When I heard the news that the US Centers for Disease Control and Prevention (CDC) and the US Food and Drug Administration (FDA) are recommending that the United States pause the use of Johnson & Johnson’s Covid-19 vaccine over six reported US cases of a “rare and severe” type of blood clot, I was infuriated. Pausing was the right decision, but it also immediately made me think about how sexist the medical world remains and what little regard it has for women’s health.
All six reported cases occurred among women between the ages of 18 and 48, according to a joint statement on Tuesday from Dr. Anne Schuchat, principal deputy director of the CDC and Dr. Peter Marks, director of the FDA’s Center for Biologics Evaluation and Research.
“It’s a very rare event,” Dr. Carlos del Rio, executive associate dean of the Emory University School of Medicine at Grady Health System, told CNN’s John Berman and Poppy Harlow. “You’re talking about 1 per million, and when you give millions of doses of vaccines, you will see events like this that you couldn’t see in the clinical trial just because you didn’t have millions of people enrolled.”
Dr. del Rio added that he applauds both the CDC and the FDA “for very quickly jumping on it, halting the vaccinations until we know more, and really trying to understand what’s going on.”
While I agree with him, it’s enraging in a way to consider how immediate worldwide action has been after six out of 6 million people developed clots after the J&J vaccine. This action is, among other things, a reminder of how little people seem to know or care about women’s health.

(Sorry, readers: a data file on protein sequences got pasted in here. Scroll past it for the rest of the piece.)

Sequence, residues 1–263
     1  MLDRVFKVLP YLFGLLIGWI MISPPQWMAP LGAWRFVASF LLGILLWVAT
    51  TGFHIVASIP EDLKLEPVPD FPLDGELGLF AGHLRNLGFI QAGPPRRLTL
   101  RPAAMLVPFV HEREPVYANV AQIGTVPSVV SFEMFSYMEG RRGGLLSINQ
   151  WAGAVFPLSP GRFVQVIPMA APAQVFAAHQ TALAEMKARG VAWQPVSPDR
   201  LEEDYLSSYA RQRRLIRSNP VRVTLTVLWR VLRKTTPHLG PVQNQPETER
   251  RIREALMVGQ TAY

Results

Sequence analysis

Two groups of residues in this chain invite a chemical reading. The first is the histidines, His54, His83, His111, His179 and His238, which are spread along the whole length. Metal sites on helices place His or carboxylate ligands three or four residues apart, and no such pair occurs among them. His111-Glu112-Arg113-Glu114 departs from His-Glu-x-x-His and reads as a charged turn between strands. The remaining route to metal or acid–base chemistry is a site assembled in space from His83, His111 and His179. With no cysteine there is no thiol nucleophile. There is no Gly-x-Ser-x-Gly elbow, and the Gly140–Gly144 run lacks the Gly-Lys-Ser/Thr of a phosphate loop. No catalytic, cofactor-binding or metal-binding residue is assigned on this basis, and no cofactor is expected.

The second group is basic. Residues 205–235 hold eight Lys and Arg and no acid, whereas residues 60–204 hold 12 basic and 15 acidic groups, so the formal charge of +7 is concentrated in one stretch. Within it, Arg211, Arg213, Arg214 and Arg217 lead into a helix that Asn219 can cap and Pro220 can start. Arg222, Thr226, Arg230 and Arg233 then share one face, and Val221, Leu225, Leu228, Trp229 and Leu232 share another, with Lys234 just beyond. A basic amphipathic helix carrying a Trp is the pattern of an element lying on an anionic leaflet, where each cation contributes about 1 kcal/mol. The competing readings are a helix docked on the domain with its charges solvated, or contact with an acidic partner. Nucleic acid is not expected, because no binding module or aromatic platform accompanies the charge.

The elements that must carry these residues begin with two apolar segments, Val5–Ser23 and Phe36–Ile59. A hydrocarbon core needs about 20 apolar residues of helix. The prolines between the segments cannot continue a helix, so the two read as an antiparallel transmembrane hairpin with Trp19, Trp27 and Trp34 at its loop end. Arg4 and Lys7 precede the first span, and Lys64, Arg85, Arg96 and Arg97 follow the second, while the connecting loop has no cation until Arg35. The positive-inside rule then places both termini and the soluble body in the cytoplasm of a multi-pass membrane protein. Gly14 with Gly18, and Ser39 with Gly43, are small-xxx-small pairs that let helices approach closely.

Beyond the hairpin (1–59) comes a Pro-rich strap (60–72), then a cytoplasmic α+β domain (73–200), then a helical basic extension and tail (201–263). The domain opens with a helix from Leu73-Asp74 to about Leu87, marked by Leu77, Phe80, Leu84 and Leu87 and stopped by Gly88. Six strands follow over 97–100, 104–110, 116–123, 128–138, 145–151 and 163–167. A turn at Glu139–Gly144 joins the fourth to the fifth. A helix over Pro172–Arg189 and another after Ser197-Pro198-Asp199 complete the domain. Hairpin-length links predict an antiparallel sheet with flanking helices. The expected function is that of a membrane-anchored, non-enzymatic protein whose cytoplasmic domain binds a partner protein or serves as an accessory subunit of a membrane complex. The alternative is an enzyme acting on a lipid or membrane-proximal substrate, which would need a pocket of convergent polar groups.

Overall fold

To be clear, I am not advocating against the pause on the Johnson & Johnson vaccine. What I am saying is that the pause actually provides us with an important opportunity to confront how little most of us know about women’s health, despite many on the right policing and politicizing it to no end.
I’m angry because of how few people seem to realize that women who take hormonal birth control are at risk for developing blood clots, and one in one thousand will. It’s key to note that the type of clotting at issue with the Johnson & Johnson vaccine is of a different type than is seen with oral contraceptives. This isn’t a direct comparison. It’s the confluence of factors here — treatment, gender, safety and messaging — that are rightly raising eyebrows at this juncture. We must ask the question: How are women supposed to have confidence in their reproductive health and medical care when there are so few acknowledgments of the risks they bear?
My upcoming book asks just that, but the truth is excluding women from testing and clinical trials is a tale as old as time in the US. Between the 1970s and 1990s, both the National Institutes of Health (NIH) and FDA, along with other regulators, had a policy that ruled out women of so-called childbearing potential from early-stage drug trials.